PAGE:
Hawaiian lei: a symbol of hospitality, affection and aloha | Photo: Cestari/ASP

Lei is the name of the famous flower necklace made in Hawaii.

Hawaiian leis are vibrant and colorful wreaths or garlands worn around the neck. They feature fresh tropical flowers but, on a wider interpretation, it can also mean a series of items strung together so that they can be worn.

A lei is presented to someone who is arriving or leaving. Therefore, it is a welcome or farewell gift and a way of expressing aloha.

Leis may include, not only tropical flowers, but also seeds, leaves, vines, feathers, shells, nuts, and even animal bones and teeth.

Hawaiian leis were used by ancient locals to improve their appearance and celebrate the Hawaiian and Polynesian culture. They are a symbol of hospitality and affection between two people.

The most common Hawaiian leis feature carnations, ginger blossoms, kika blossoms, orchids, or jasmine blossoms. Leis measure around 18 inches (46 centimeters).

Lei: the colorful Hawaiian necklace can be made using several types of flowers | Photo: Shutterstock

Leis are also used in weddings. Traditionally, Hawaiian brides wear white leis, but they can also include a few colorful flowers.

Closed leis should be worn around the neck, slightly standing on top of the shoulders. The receiver should bow his or her head down, and let the giver place the flower garland around his neck.

It is extremely impolite to refuse a lei from someone, even a stranger. It should be an honor to wear it.

Hawaiians also use leis on graduation days. Whenever someone is leaving school or university, he or she receives a graduation lei during the ceremony.

The most popular flowers used in graduation leis are purple, white and green orchids, as well as pink carnation leis and yellow rose leis.

But there are many kinds of lei - money leis, penny leis, candy leis, double leis, etc. These stunning floral adornments, alongside the ukulele, are an enduring symbol of Hawaii and can be used for different purposes, on multiple occasions.

Lei: a stunning floral adornment that can be used in any occasion to celebrate Hawaiian culture | Photo: Shutterstock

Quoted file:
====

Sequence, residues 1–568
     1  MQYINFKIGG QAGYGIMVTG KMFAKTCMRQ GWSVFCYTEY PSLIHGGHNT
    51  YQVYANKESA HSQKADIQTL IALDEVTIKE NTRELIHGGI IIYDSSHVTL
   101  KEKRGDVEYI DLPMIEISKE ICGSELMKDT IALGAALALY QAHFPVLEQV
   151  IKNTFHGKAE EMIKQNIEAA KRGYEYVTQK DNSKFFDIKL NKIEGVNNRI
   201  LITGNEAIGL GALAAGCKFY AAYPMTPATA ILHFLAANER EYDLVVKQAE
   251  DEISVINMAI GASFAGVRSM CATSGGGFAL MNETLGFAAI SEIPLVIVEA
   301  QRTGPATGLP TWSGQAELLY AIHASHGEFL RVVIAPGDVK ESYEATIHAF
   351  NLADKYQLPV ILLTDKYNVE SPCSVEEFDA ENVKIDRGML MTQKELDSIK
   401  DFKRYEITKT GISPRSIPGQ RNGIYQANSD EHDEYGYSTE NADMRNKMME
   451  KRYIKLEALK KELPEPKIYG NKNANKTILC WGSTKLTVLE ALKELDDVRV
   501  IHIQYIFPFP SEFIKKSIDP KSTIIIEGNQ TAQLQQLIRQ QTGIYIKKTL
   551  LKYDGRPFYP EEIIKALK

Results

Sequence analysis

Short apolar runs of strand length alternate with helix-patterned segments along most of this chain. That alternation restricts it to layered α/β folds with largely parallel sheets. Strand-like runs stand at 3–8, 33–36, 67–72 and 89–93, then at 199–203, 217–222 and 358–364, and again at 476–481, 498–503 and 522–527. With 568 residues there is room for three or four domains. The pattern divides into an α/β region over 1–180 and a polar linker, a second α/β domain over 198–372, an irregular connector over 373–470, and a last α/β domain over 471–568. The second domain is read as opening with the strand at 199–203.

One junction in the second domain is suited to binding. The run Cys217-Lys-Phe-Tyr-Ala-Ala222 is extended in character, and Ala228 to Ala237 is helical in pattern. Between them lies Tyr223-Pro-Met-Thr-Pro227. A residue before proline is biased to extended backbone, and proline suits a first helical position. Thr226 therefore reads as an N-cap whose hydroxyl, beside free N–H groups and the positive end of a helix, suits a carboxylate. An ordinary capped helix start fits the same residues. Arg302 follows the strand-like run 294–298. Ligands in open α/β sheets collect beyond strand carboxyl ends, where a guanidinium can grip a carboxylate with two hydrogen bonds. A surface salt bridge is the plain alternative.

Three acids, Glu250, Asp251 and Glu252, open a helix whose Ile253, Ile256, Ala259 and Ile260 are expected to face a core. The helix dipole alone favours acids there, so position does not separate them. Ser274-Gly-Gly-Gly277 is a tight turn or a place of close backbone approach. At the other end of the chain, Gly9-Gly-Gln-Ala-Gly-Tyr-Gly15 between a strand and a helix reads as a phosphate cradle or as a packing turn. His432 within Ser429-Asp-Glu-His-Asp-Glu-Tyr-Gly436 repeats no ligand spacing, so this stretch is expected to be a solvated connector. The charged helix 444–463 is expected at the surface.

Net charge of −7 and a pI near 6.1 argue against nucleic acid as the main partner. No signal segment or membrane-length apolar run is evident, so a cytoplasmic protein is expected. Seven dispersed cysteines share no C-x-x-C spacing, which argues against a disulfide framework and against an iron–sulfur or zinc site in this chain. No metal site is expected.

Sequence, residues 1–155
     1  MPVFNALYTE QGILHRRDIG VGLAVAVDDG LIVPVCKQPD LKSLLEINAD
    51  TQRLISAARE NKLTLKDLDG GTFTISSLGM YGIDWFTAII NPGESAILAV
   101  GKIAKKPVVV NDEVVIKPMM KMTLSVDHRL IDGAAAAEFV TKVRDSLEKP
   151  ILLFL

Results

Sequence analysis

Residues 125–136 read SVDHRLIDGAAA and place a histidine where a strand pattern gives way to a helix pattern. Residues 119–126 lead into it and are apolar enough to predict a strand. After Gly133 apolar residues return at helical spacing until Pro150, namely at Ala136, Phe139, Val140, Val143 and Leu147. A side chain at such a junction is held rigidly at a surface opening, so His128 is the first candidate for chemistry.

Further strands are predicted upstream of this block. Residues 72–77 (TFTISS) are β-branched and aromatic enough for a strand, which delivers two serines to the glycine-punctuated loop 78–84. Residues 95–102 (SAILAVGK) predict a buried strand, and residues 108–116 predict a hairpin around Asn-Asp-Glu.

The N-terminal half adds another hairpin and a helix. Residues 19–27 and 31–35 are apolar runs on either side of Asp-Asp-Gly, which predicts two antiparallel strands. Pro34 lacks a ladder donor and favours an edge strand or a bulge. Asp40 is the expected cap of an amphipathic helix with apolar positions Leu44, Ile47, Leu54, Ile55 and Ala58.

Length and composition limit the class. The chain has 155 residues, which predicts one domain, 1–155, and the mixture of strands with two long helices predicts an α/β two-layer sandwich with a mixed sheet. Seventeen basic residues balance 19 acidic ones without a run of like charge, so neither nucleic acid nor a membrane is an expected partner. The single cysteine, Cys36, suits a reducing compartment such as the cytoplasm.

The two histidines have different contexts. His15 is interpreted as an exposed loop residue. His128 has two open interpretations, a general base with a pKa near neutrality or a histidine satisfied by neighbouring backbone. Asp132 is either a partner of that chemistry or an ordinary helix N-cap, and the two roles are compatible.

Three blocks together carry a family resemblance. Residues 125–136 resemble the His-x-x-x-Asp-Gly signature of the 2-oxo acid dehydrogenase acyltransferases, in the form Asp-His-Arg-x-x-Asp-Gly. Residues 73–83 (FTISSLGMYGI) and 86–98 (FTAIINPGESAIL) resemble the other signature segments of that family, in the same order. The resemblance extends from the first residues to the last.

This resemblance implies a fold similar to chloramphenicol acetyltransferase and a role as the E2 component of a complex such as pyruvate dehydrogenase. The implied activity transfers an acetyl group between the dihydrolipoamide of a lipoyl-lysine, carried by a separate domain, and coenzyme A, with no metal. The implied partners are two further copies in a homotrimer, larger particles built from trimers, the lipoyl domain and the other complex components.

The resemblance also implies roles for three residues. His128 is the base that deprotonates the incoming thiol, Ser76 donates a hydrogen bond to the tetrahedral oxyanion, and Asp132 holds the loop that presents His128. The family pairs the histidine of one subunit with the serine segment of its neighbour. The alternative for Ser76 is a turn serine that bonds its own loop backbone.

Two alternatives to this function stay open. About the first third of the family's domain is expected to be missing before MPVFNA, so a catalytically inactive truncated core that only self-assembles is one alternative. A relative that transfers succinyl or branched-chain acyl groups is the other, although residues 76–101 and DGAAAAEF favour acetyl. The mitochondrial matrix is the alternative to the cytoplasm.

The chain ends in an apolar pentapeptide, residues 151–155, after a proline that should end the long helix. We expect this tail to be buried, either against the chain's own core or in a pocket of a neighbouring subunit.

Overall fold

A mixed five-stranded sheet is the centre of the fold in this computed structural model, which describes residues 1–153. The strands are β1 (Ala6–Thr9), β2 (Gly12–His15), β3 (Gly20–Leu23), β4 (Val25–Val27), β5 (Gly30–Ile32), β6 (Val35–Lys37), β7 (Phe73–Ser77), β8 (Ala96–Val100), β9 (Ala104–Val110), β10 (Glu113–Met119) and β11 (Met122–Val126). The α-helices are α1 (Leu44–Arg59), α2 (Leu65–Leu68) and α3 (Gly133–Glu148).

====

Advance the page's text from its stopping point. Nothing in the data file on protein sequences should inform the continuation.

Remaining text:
The Hawaiian language makes no distinction between singular and plural, so the use of the word "leis" is an anglicized version of the original expression "lei."

The most popular lei styles are the following:

1. Haku: flowers, leaves, or fruit are braided onto three strands of ti or other natural fiber. Haku leis are most often worn around the head or on a hat;

2: Hili: these are braided leis made from a single plant material such as ti leaf or maile;

3. Humupapa: flowers are sewn onto plant material such as dried banana leaves (lau hala);

4. Kui: the most familiar leis - flowers strung together with needle and thread;

5. Kipu'u: short lengths of vines or long-stemmed leaves knotted together;

6. Wili: plant materials are attached to a natural backing by winding fiber around them. Will leis have no knots until the very end;

7. Lei Hulu (Feather Lei): traditionally made of feathers from now mostly extinct or endangered native birds, the art continues using feathers from common birds;

8. Lei Pupu (Shell Lei): these range from puka-shell lei, extremely popular in the 1970s, to museum-quality Ni'ihau-shell lei, that may be worth many thousands of dollars;

9. Seed Lei: simple, single-stranded Job's tears and intricately crafted wiliwili seed lei are famous examples of this type;

10. Contemporary Lei: from silk and ribbon to yarn, currency, and even candy, contemporary lei are made for every occasion.

Every year, on May 1st, Hawaii celebrates Lei Day. It is a really special occasion for Hawaiians to make, wear and give leis, and a fantastic opportunity for lei makers to showcase their incredible skills.

But, how do you make a Hawaiian lei? Lei making is an ancient art, with intricate techniques, but you can quickly learn how to make a simple lei in a few minutes.

All you need is flowers, a string, a scissor and a long needle:

1. String the flowers: use a needle and double thread to string flowers through the thickest part of the stem;
2. Tuck in the previous flower to the next flower;
3. Tie a double knot: tie the ends of the thread with a double knot and cut the excess thread;

Brad Domke calls Cylinders his home. He's been riding it for more than a decade. But you've never seen him in board transfers like these.

+ Skimboarding News